Many factors can contribute to the development of PTSD, or post-traumatic stress disorder. Some include combat, serious accidents or health issues, sexual abuse, and, as it turns out, being a woman. In fact, that last factor alone doubles an individual’s chance of having this debilitating anxiety disorder.
Yet, despite PTSD’s ubiquity among women, clinical research and models have historically excluded women from their findings. Of course, when one considers the medical field’s long, tarnished history of ignoring or misunderstanding women’s health, this isn’t exactly surprising. But it doesn’t make it any less disconcerting.
The relationship between PTSD and female hormones affects every aspect of a woman’s health (and nearly every age). It explains why she would be more likely to develop an anxiety disorder than her male counterpart. And it could also shine a light on some of menopause’s more troubling symptoms.
PTSD’s Effect On Hormones
While PTSD largely seems relegated to the brain and our emotions, it also has a domino effect on our hormones. When the brain perceives danger, it signals a stress response by releasing hormones like cortisol and norepinephrine. Then, the oxytocin system works with our HPA axis (hypothalamic-pituitary-adrenal axis) to regulate the stress response.
However, trauma—particularly childhood trauma—may inhibit the development or functionality of the oxytocin system. With less oxytocin in the body, stress hormones aren’t regulated and the feeling of fear and anxiety persists. Trauma also directly affects sex hormones, like estradiol, progesterone, and estrogen.
The Link Between Estrogen And Trauma
According to a 2022 article published in Frontiers, “[female sex hormone] levels at the time of trauma exposure have been suggested to contribute to the development of PTSD symptoms.”
Estrogen receptors are densely expressed in the amygdala, hypothalamus, and hippocampus, which suggests estrogen’s influence on emotion and cognition (just like PTSD, which affects the same areas of the brain). Studies have found a stronger fear response in the brain when estrogen levels are low and lesser fear responses when they’re high.
These neuroimaging studies found greater activation of neural networks involved in stress responses during the early phases of the menstrual cycle (when estrogen is low). During mid-cycle, when estrogen levels are high, these networks are less activated and, in turn, less stressed.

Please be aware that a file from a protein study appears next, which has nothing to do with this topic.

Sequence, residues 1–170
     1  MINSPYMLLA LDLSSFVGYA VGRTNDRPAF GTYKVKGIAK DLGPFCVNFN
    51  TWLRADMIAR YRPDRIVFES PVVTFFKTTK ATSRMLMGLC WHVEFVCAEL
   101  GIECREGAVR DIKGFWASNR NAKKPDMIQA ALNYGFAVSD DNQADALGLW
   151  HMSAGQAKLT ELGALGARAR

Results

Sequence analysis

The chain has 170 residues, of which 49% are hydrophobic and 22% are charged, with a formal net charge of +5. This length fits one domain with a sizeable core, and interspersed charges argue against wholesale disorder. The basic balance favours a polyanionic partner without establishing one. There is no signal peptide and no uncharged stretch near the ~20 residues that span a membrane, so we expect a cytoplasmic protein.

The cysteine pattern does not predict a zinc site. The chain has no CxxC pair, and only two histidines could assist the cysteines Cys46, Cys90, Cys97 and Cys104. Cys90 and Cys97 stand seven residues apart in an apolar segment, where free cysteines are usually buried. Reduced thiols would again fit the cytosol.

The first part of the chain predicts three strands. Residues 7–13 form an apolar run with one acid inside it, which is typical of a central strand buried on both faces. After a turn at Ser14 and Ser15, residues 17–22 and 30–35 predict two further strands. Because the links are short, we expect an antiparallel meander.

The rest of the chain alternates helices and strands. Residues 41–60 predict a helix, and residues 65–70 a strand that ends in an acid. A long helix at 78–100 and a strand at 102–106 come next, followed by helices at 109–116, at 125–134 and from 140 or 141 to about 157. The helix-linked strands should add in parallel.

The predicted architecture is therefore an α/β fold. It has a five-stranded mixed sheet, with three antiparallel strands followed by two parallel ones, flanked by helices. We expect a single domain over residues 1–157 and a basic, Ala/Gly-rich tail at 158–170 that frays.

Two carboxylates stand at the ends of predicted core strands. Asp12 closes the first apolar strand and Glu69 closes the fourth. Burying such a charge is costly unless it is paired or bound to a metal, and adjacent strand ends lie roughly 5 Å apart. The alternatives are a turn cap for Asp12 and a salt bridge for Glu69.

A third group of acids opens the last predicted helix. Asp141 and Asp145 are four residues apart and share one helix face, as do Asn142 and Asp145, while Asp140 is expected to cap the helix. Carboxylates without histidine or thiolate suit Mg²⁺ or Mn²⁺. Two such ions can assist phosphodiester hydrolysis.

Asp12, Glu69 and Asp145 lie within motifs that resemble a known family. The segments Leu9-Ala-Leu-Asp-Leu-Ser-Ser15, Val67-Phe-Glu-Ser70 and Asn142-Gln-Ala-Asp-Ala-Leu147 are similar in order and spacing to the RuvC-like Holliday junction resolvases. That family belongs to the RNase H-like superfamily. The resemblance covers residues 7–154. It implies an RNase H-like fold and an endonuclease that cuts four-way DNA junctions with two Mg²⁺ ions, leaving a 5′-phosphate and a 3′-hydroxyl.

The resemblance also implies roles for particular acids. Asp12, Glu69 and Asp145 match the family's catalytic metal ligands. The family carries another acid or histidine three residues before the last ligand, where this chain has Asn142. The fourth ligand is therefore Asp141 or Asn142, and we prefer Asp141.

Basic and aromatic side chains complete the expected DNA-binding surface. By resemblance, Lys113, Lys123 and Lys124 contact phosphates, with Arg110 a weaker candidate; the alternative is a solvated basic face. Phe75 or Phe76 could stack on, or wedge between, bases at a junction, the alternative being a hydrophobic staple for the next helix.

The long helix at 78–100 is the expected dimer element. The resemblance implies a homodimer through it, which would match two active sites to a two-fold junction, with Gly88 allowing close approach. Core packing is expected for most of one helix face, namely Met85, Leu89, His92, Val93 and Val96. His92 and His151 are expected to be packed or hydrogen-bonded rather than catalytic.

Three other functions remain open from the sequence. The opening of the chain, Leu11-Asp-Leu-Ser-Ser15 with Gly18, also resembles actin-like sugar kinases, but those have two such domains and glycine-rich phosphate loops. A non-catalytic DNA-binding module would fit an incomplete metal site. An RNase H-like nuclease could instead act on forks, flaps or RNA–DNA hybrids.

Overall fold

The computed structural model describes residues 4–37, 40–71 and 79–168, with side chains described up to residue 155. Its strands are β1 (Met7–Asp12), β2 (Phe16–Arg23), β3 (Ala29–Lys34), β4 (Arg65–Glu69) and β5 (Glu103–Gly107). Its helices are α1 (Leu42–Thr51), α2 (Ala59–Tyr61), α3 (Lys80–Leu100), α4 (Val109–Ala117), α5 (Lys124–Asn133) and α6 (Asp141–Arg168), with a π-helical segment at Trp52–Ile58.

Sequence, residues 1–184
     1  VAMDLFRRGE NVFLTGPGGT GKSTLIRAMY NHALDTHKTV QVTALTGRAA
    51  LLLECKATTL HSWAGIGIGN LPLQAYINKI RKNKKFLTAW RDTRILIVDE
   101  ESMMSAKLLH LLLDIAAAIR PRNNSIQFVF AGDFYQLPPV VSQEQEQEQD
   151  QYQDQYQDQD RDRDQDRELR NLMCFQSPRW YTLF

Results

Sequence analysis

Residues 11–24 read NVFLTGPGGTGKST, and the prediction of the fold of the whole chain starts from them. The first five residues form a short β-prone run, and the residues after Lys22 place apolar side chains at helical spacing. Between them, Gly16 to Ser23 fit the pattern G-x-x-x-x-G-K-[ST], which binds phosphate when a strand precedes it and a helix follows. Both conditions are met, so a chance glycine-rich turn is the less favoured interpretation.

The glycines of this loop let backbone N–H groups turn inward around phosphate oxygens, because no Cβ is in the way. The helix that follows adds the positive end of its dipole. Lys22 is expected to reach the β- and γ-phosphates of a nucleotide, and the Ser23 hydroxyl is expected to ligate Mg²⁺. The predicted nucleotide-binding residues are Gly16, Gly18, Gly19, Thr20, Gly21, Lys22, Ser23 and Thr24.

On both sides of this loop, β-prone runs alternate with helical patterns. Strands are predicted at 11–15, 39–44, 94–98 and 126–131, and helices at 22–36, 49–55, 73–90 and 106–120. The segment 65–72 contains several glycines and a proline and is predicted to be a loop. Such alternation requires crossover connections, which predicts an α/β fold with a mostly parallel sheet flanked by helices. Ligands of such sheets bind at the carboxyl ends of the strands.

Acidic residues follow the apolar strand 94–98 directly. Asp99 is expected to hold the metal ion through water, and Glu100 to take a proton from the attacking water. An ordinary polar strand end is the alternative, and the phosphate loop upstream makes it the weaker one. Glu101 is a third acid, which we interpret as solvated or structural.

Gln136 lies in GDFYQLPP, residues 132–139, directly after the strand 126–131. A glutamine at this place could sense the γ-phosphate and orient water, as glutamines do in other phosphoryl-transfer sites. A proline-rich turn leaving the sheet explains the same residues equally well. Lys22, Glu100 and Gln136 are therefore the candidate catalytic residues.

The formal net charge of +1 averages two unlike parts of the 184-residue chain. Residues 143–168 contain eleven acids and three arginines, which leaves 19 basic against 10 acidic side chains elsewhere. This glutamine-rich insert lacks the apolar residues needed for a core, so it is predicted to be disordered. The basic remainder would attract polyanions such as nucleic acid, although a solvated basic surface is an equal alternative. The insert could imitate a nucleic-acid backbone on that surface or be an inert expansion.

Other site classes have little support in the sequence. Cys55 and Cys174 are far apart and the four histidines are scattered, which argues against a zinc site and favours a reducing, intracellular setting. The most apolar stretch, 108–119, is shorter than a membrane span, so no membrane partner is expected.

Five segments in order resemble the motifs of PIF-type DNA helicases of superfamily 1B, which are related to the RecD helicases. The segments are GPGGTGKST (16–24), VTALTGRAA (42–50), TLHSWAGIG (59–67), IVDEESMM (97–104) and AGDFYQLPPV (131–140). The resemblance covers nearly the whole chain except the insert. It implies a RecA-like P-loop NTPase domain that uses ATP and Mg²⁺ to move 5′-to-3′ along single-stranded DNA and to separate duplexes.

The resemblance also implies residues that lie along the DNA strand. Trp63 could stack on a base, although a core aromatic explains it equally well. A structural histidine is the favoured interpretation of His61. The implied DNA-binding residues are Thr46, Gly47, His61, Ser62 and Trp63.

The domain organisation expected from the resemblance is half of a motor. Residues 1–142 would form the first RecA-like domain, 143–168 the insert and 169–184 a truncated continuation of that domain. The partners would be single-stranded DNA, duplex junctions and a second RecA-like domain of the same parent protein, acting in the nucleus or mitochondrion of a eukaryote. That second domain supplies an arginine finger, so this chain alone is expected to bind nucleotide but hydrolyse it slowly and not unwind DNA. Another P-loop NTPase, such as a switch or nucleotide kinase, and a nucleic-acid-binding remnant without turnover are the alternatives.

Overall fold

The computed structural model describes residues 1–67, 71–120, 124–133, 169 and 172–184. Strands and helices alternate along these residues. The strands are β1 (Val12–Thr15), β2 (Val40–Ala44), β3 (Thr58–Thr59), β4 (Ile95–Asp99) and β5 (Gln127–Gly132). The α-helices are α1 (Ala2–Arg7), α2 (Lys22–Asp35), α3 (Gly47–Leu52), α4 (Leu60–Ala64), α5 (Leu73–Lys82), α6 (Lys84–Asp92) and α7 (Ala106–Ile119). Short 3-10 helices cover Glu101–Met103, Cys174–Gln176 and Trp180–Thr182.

A similar result was found in a 2012 study that compared sexual assault victims who did and did not take estrogen-based emergency contraceptives immediately after the assault. Those who took the estrogen had significantly lower PTSD symptoms six months after the incident.
What This Means For Sexually Mature Women
Women’s estrogen levels naturally fluctuate throughout the menstrual cycle each month. We’re more likely to report symptoms of depression and anxiety during pre-menstrual and menstruating stages when estrogen levels are relatively low. (But did a scientific study really need to tell you that PMS makes you feel like crap?)
The average woman has over 450 menstrual cycles in her lifetime. This means that during each of these periods, a woman is more likely to develop a dysfunctional stress response to a traumatic event. It also suggests that underlying PTSD symptoms can either flare up or subside, depending on how low or high estrogen levels are.
So, no—it isn’t your PMS ‘making you crazy.’ It’s your brain’s natural response to deregulated stress hormones and subsequent stress management. But unfortunately, this phenomenon isn’t for menstruating women only. The link between estrogen and PTSD affects our peri- and post-menopausal experiences, too.
What This Means For Menopause Specifically
Estrogen levels reach an all-time low during peri- and post-menopause, making older women the most at risk of developing depression, anxiety, PTSD, and other mental disorders. But it can also shed light on why some people experience worse menopausal symptoms than others.
As mentioned before, PTSD disaffects the functionality of the HPA axis. The HPA axis works with the vasomotor system, which is responsible for some of menopause’s more notorious symptoms (i.e., hot flashes, night sweats, heart palpitations, and sleep disturbances). When this axis is unregulated, symptoms can get worse.
A 2019 California-based study supports this correlation. The study interviewed 2016 women aged 40-80, around 20% of whom had experienced trauma (either ongoing or specific) in their lives. Those with trauma experience reported higher incidents of sleep disturbances, hot flashes, and unpleasant vaginal symptoms in menopause.
The Clinical Implications Of This Connection
The symptoms of PTSD have been recognized since the late 19th century, and the disorder was codified by the American Psychiatric Association in 1980. Yet, the connection between significant hormonal fluctuations (like menopause) and the severity of PTSD wasn’t discussed until the mid-aughts. Even today, the literature remains scant.
Navigating the medical world as a woman can feel incredibly lonely. A notable lack of female-based clinical studies has created a void of inaccurate, apathetic medical care. More often than not, a woman’s best solution to dealing with hormonal health issues is to “deal with it.”
And while women are tough as hell and likely could deal with it, that doesn’t mean we should. The link between estrogen and PTSD offers significant clinical implications, like using hormone therapy as a potential treatment. But first, more research must be done examining PTSD in women specifically.
In the meantime, there is a silver lining to be found here. The sexist trends of the medical world are on their way out, and a rejuvenated women’s wellness boom is taking its place. The first step in easing hormonal dysfunction’s grip on our lives is identifying the problem. Now that we’ve done that, we can move on to fixing it.